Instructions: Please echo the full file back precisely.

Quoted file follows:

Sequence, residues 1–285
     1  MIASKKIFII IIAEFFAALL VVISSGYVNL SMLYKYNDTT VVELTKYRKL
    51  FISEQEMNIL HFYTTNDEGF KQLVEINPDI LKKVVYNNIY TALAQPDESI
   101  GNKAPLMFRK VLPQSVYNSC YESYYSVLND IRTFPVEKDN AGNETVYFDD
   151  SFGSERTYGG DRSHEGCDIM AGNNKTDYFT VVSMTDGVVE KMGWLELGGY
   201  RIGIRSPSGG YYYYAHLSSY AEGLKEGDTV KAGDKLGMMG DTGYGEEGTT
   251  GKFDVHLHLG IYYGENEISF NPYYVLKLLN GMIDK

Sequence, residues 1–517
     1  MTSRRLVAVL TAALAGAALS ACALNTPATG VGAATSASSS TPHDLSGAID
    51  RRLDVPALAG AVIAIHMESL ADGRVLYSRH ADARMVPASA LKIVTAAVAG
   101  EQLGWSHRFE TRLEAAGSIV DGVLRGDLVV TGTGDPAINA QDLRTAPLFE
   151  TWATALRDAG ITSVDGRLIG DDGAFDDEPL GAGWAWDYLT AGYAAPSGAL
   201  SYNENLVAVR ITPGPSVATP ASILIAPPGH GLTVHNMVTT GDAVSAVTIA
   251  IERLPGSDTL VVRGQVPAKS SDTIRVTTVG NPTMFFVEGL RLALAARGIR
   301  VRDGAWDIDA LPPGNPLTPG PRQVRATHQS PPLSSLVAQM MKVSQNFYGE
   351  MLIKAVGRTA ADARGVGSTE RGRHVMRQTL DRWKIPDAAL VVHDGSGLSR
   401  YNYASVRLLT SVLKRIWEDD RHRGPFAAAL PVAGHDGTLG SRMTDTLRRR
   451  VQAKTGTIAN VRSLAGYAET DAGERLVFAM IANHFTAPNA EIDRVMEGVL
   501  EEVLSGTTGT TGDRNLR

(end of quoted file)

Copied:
Sequence, residues 1–285
     1  MIASKKIFII IIAEFFAALL VVISSGYVNL SMLYKYNDTT VVELTKYRKL
    51  FISEQEMNIL HFYTTNDEGF KQLVEINPDI LKKVVYNNIY TALAQPDESI
   101  GNKAPLMFRK VLPQSVYNSC YESYYSVLND IRTFPVEKDN AGNETVYFDD
   151  SFGSERTYGG DRSHEGCDIM AGNNKTDYFT VVSMTDGVVE KMGWLELGGY
   201  RIGIRSPSGG YYYYAHLSSY AEGLKEGDTV KAGDKLGMMG DTGYGEEGTT
   251  GKFDVHLHLG IYYGENEISF NPYYVLKLLN GMIDK

Sequence, residues 1–517
     1  MTSRRLVAVL TAALAGAALS ACALNTPATG VGAATSASSS TPHDLSGAID
    51  RRLDVPALAG AVIAIHMESL ADGRVLYSRH ADARMVPASA LKIVTAAVAG
   101  EQLGWSHRFE TRLEAAGSIV DGVLRGDLVV TGTGDPAINA QDLRTAPLFE
   151  TWATALRDAG ITSVDGRLIG DDGAFDDEPL GAGWAWDYLT AGYAAPSGAL
   201  SYNENLVAVR ITPGPSVATP ASILIAPPGH GLTVHNMVTT GDAVSAVTIA
   251  IERLPGSDTL VVRGQVPAKS SDTIRVTTVG NPTMFFVEGL RLALAARGIR
   301  VRDGAWDIDA LPPGNPLTPG PRQVRATHQS PPLSSLVAQM MKVSQNFYGE
   351  MLIKAVGRTA ADARGVGSTE RGRHVMRQTL DRWKIPDAAL VVHDGSGLSR
   401  YNYASVRLLT SVLKRIWEDD RHRGPFAAAL PVAGHDGTLG SRMTDTLRRR
   451  VQAKTGTIAN VRSLAGYAET DAGERLVFAM IANHFTAPNA EIDRVMEGVL
   501  EEVLSGTTGT TGDRNLR